Dearborn Hts. man accused of ISIS support in court Wed.
Detroit — A detention hearing for a Dearborn Heights man suspected of supporting Islamic State extremists and planning to “shoot up” a Detroit church has been rescheduled for Wednesday.
Khalil Abu-Rayyan, 21, appeared in federal court Monday afternoon in chains and shackles for a hearing on a federal charge of illegally possessing a firearm while using a controlled substance. He faces up to 10 years in a federal prison.
He has not been charged with terrorism-related crimes.
The hearing was delayed after Abu-Rayyan informed the court that his father has retained Buffalo attorney Thomas Eoannu and needed time to get to Detroit, Todd Shanker with the Federal Defender’s Office said.
U.S. Magistrate Mona Majzoub reset the hearing for 1 p.m. Wednesday.
“Threats of this nature, regardless of where they originate, or who they target, are always taken seriously,” said David P. Gelios, special agent in charge of the FBI’s Detroit division, in statement. “The FBI acted quickly and comprehensively to investigate and arrest Mr. Rayyan upon the receipt of information that he posed a potential public safety threat. The investigative actions prior to his arrest included 24/7 surveillance to ensure there was a prompt response to any attempted violent act.”
In a complaint unsealed Thursday in U.S. District Court reveals the FBI has been investigating him since May “regarding increasingly violent threats he has made to others about committing acts of terror and martyrdom — including brutal acts against police officers, churchgoers and others — on behalf of the foreign terrorist organization Islamic State of Iraq and Levant.”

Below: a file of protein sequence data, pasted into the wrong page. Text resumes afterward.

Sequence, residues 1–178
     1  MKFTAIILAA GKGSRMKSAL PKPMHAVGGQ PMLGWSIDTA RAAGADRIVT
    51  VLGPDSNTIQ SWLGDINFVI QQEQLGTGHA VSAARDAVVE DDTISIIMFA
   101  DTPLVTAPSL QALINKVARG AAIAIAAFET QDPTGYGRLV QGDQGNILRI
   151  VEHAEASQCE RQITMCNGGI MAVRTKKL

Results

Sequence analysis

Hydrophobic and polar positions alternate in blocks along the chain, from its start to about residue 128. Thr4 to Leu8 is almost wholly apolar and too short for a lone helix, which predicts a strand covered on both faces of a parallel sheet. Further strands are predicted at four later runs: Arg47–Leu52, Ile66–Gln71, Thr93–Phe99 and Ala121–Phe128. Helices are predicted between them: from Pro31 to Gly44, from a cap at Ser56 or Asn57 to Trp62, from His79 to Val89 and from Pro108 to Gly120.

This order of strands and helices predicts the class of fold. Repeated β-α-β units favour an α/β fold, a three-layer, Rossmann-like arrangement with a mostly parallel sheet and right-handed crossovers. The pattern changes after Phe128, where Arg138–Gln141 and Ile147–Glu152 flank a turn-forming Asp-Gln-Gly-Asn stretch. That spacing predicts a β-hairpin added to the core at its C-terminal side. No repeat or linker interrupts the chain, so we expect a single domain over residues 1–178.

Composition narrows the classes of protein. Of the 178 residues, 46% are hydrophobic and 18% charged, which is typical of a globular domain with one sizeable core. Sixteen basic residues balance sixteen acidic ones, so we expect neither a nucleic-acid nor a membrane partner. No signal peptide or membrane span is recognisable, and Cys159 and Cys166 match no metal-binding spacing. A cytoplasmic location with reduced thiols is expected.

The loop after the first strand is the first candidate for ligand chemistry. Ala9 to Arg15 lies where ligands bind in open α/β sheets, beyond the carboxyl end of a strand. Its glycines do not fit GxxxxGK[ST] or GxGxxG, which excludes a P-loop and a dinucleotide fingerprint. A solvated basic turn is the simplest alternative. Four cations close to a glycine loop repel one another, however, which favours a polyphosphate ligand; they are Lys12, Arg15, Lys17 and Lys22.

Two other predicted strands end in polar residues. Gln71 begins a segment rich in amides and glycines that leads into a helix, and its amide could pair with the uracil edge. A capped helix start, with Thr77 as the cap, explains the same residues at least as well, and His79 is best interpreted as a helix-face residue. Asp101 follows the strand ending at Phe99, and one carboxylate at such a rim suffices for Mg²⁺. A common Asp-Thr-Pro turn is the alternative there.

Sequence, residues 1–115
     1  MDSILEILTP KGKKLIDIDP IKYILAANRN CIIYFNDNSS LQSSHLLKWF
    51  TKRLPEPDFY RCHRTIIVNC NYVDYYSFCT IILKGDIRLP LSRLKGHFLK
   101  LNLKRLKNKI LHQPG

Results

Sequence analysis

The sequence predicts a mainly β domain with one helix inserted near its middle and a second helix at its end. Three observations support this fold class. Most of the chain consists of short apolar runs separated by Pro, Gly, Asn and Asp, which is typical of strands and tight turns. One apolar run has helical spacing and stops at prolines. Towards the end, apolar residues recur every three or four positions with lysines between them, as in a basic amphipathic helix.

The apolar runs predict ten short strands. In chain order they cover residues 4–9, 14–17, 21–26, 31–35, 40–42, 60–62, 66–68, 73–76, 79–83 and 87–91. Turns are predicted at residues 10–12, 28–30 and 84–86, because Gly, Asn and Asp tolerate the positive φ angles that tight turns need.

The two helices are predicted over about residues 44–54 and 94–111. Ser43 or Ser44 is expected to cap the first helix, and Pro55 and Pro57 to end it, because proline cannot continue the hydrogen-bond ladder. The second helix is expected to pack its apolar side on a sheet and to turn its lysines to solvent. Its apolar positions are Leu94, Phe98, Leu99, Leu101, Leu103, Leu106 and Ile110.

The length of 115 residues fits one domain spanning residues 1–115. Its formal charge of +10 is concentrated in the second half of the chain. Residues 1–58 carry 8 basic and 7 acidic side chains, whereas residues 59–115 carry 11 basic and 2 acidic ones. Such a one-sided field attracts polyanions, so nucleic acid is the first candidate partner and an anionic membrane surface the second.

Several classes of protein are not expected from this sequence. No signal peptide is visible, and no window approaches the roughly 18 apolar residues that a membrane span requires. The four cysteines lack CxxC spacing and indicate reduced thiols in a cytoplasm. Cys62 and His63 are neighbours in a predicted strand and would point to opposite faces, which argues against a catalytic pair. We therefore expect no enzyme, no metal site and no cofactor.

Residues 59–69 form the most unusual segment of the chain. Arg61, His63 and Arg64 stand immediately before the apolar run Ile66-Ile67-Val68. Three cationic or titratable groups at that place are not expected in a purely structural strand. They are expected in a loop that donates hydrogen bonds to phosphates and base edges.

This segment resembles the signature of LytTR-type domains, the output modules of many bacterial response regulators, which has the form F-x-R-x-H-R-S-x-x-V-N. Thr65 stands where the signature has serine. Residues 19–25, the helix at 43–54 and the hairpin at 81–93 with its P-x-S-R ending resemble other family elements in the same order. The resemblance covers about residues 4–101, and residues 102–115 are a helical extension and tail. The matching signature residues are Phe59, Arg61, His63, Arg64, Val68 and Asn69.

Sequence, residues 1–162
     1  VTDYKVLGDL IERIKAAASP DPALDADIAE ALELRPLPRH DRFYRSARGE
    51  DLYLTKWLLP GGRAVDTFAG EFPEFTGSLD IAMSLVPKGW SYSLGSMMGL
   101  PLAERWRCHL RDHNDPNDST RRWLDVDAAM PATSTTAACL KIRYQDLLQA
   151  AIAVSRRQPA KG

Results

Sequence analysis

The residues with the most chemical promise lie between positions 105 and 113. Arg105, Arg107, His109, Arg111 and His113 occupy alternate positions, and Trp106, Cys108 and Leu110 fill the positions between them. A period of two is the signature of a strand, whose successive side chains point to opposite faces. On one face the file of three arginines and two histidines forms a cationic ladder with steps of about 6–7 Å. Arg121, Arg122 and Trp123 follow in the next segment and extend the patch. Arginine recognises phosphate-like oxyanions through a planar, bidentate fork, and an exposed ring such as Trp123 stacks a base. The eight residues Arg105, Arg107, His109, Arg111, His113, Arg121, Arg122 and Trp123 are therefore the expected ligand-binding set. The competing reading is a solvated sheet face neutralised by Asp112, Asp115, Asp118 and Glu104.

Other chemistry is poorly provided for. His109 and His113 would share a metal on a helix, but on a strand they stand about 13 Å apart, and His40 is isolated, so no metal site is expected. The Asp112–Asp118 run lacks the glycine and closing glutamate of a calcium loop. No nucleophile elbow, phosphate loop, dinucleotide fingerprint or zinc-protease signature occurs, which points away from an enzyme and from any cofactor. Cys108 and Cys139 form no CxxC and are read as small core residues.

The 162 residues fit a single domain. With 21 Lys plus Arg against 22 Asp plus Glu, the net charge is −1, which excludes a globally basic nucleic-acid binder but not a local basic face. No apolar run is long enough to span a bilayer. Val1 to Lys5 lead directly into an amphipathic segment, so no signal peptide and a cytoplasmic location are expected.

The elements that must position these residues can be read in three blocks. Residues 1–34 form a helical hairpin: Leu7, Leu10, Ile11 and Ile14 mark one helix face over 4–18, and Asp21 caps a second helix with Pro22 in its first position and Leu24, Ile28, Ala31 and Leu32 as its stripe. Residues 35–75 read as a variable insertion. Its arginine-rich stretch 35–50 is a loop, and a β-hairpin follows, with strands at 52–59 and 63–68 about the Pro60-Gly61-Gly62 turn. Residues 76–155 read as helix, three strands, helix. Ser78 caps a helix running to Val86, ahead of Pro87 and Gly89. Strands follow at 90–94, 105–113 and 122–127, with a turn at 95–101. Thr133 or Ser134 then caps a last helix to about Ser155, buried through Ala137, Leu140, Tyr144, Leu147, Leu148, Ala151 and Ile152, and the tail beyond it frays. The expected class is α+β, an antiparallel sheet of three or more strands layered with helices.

Besides allegedly using Twitter to express support for the terror group — often referred to as ISIS or ISIL — Abu-Rayyan reportedly told an undercover FBI employee about a plot to target a Detroit church.
“I tried to shoot up a church one day,” Abu-Rayyan is quoted as saying in court records. “I don’t know the name of it, but it’s close to my job. It’s one of the biggest ones in Detroit. Ya, I had it planned out. I bought a bunch of bullets. I practiced a lot with it. I practiced reloading and unloading. But my dad searched my car one day, and he found everything. He found the gun and the bullets and a mask I was going to wear.”
Investigators didn’t name the church Abu-Rayyan allegedly eyed, but claim the property covers about two blocks less than half a mile from his work and can accommodate up to 6,000 members. He allegedly purchased a gun and told an undercover FBI employee that attacking a church would be “easy.”
“A lot of people go there. Plus people are not allowed to carry guns in church,” the affidavit quotes him as saying. “Plus it would make the news. Everybody would’ve heard. Honestly I regret not doing it. (If I) can’t go do jihad at the Middle East, I would do my jihad over here.”
Abu-Rayyan appeared in federal court Thursday, said Gina Balaya, public information officer for the U.S. Attorney’s Office in Detroit.
Court records show he was assigned a federal defender, who has not responded to a request for comment. Messages left for those listed as his relatives were not returned.